My Crescenza was such a success that both times I have made it, it has disappeared quickly (within a few days of first tasting). Crescenza is great on a piece of bread (the one in the top photo is pumpkin bread) and in cooked dishes (for example, instead of robiola in my curried sweet chilli peppers and also in my version of a traditional Italian cheese dish that will be the subject of a post in the near future).
Valerie of A Canadian Foodie has launched a year long event called Cheesepalooza, which encourages people to take up home cheese making via monthly challenges of increasing complexity. Crescenza is one of the optional cheeses chosen for the second month, when the main challenge was making basic chèvre. This post contains the roundup of optional cheeses for month #2.
Click on the button to hear me pronounce the Italian words mentioned in the post:
or launch the Crescenza fatta in casa audio file [mp3].
[Depending on your set-up, the audio file will be played within the browser or by your mp3 player application. Please, contact me if you encounter any problems.]
nella mia list dopo la ricotta arrivano subito la crescenza e lo stracchino, che non ho mai capito se sono la stessa cosa... mi piacerebbe assaggiare la tua crescenza su quella fetta di pane, saperla fatta in casa sarebbe sicuramente una bella sensazione, ciauzzzzz
Posted by: martissima | October 10, 2012 at 12:18 PM
Simona: I'm always impressed with your cheese-making skills!
Posted by: Paz | October 10, 2012 at 02:29 PM
Yes! I am going to make this, it sounds wonderful.
Posted by: Sally | October 10, 2012 at 03:29 PM
I have made mozzarella, ricotta, and farmer cheese, but I have been wanting to make the next step and make something more challenging. Yours turned out perfect looking. Congrats on the new CTB gig, btw.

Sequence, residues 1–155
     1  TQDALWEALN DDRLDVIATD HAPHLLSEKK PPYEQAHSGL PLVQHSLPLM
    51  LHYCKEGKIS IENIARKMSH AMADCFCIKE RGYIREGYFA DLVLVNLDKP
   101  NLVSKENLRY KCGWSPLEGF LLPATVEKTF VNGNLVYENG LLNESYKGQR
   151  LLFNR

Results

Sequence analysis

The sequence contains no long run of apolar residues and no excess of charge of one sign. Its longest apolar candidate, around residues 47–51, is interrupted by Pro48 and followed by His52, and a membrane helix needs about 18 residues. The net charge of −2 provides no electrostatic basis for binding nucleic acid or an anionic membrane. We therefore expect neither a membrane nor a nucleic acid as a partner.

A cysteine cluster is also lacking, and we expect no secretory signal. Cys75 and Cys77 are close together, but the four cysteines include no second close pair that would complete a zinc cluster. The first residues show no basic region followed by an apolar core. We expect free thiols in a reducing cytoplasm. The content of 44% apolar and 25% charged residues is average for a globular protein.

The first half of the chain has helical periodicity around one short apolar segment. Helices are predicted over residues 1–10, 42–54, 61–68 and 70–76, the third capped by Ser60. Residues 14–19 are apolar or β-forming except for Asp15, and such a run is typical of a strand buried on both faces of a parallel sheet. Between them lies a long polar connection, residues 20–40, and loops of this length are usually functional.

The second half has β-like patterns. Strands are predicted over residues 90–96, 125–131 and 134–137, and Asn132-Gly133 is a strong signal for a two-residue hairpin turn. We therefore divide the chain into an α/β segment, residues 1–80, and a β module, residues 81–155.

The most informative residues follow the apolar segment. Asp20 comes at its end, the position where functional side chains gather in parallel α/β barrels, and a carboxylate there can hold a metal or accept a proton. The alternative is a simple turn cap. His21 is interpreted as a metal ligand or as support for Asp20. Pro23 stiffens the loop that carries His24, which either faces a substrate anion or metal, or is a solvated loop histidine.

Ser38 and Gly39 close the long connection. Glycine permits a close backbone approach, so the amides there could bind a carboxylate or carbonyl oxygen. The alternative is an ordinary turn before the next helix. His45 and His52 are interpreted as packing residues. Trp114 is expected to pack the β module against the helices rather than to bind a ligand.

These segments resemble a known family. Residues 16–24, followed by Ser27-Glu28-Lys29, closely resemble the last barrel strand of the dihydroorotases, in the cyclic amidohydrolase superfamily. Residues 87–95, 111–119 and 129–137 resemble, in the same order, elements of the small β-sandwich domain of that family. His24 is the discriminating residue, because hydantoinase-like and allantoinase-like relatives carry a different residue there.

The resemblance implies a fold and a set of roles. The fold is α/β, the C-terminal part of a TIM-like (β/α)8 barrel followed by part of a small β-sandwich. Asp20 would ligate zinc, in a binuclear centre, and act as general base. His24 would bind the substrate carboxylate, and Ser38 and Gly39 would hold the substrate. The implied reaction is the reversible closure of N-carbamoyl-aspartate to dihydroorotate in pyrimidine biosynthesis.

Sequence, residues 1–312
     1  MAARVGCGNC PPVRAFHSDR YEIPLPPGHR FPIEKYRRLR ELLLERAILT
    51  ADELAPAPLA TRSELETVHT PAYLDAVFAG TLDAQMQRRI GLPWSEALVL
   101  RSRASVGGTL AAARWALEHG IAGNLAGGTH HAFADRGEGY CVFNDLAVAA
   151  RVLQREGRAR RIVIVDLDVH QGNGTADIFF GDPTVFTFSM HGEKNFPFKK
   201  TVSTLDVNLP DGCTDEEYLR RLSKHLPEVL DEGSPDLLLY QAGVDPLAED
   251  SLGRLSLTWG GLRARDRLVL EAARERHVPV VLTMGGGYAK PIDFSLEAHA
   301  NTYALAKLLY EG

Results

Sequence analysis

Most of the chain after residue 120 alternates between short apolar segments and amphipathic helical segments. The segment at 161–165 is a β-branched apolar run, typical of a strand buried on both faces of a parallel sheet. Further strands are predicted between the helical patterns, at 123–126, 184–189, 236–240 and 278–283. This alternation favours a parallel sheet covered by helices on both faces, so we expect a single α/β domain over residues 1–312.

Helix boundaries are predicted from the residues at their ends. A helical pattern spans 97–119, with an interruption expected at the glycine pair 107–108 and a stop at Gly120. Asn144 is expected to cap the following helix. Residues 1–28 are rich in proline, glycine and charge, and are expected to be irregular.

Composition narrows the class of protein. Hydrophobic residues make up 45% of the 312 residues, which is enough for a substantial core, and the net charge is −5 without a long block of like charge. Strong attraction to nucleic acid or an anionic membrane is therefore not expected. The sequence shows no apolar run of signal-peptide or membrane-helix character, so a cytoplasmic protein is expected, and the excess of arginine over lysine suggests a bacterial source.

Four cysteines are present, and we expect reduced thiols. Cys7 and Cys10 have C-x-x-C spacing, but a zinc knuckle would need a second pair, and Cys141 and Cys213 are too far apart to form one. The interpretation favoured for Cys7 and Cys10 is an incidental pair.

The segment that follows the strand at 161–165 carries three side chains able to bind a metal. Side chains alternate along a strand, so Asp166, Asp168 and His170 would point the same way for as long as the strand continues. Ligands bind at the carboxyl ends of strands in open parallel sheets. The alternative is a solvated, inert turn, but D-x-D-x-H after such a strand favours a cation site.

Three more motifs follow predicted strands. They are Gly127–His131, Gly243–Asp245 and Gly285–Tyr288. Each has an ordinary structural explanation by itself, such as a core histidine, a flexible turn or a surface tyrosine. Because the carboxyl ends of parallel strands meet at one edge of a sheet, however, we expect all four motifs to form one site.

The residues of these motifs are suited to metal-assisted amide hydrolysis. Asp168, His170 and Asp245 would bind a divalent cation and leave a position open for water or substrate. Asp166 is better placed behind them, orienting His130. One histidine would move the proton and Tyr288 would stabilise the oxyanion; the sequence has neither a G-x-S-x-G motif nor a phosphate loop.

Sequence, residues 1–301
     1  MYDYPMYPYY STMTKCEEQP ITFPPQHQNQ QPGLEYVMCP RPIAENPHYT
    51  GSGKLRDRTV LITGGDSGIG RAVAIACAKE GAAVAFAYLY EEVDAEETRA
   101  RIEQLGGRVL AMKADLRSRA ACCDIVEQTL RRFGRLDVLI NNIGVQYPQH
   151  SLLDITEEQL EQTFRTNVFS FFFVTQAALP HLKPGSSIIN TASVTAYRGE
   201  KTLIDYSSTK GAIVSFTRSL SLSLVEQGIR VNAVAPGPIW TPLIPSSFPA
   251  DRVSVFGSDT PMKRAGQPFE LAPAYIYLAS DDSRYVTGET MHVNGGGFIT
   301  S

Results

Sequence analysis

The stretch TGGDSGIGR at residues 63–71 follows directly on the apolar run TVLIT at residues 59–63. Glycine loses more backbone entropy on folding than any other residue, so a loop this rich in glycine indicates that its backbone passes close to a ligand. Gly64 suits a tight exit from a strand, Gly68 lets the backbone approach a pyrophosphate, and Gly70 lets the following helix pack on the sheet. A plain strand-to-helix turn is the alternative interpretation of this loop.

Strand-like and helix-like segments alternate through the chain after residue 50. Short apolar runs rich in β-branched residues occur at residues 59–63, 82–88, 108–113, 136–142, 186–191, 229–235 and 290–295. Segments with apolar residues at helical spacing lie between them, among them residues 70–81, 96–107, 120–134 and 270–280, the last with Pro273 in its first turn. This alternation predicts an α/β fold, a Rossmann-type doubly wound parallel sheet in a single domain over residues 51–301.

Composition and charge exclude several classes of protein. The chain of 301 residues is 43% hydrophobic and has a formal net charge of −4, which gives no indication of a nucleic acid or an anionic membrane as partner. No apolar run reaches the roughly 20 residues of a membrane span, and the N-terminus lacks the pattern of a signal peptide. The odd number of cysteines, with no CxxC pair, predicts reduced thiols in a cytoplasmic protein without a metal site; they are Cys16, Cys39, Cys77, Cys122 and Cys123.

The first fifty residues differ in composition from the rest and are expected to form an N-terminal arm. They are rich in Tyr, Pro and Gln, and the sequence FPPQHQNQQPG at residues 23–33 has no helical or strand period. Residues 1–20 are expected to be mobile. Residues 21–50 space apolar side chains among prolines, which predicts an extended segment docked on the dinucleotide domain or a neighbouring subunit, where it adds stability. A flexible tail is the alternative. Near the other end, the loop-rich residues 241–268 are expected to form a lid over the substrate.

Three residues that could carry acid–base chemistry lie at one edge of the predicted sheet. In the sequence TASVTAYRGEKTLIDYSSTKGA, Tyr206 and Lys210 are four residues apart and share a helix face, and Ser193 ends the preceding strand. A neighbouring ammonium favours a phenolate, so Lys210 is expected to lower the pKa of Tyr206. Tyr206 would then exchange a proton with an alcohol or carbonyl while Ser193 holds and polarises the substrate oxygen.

Posted by: Debra | October 11, 2012 at 04:40 AM
Ciao Martissima. Ho letto cose un po' diverse sulla differenza o meno tra stracchino e crescenza e quindi, non essendo sicura, non mi pronuncio. Certamente appartengono alla stessa famiglia di formaggi, nel senso che sono fatti seguendo lo stesso procedimento.
I hope you do, Sally.
Hi Debra. I think this is a perfect "next step" cheese, in the sense that it involves a few important steps in cheese making, like adding culture, renneting, cutting and stirring the curd, but it is fairly quick to make and does not require pressing or a special aging set up. So, I hope you try making it. Thank you!
Posted by: Simona Carini | October 12, 2012 at 12:06 AM
just started with cheese making and it is just as fun and challenging as sourdough bread. how do you sterilize a cloth? I am making my crescenza (I call it stracchino) in a silicon drained, do you think that is acceptable? so nice you are into cheese, I am sure I can learn a lot from your experience.
Posted by: My Italian Smörgåsbord | October 17, 2012 at 05:18 AM
Ciao Barbara. I sterilize cloth in boiling water or, more often, by ironing it right before use. Do you mean a silicone mold? What does it look like?
Posted by: Simona Carini | October 17, 2012 at 10:04 PM
An excellent post, Simona. I learned a great deal from it and how wonderful that you can read the Italian posts, too. Gleaning this kind of information and using it to make my own cheese is what this project is all about. Love that you have done this!
Thank you so much!
Posted by: A Canadian Foodie | November 22, 2012 at 11:24 AM
Thanks, Valerie. This has actually become a regular cheese in my schedule. I made it again today and it's the fifth time two and a half month. Besides being fairly straightforward to make and to care for afterwards, it's quite versatile.
Posted by: Simona Carini | November 23, 2012 at 10:16 PM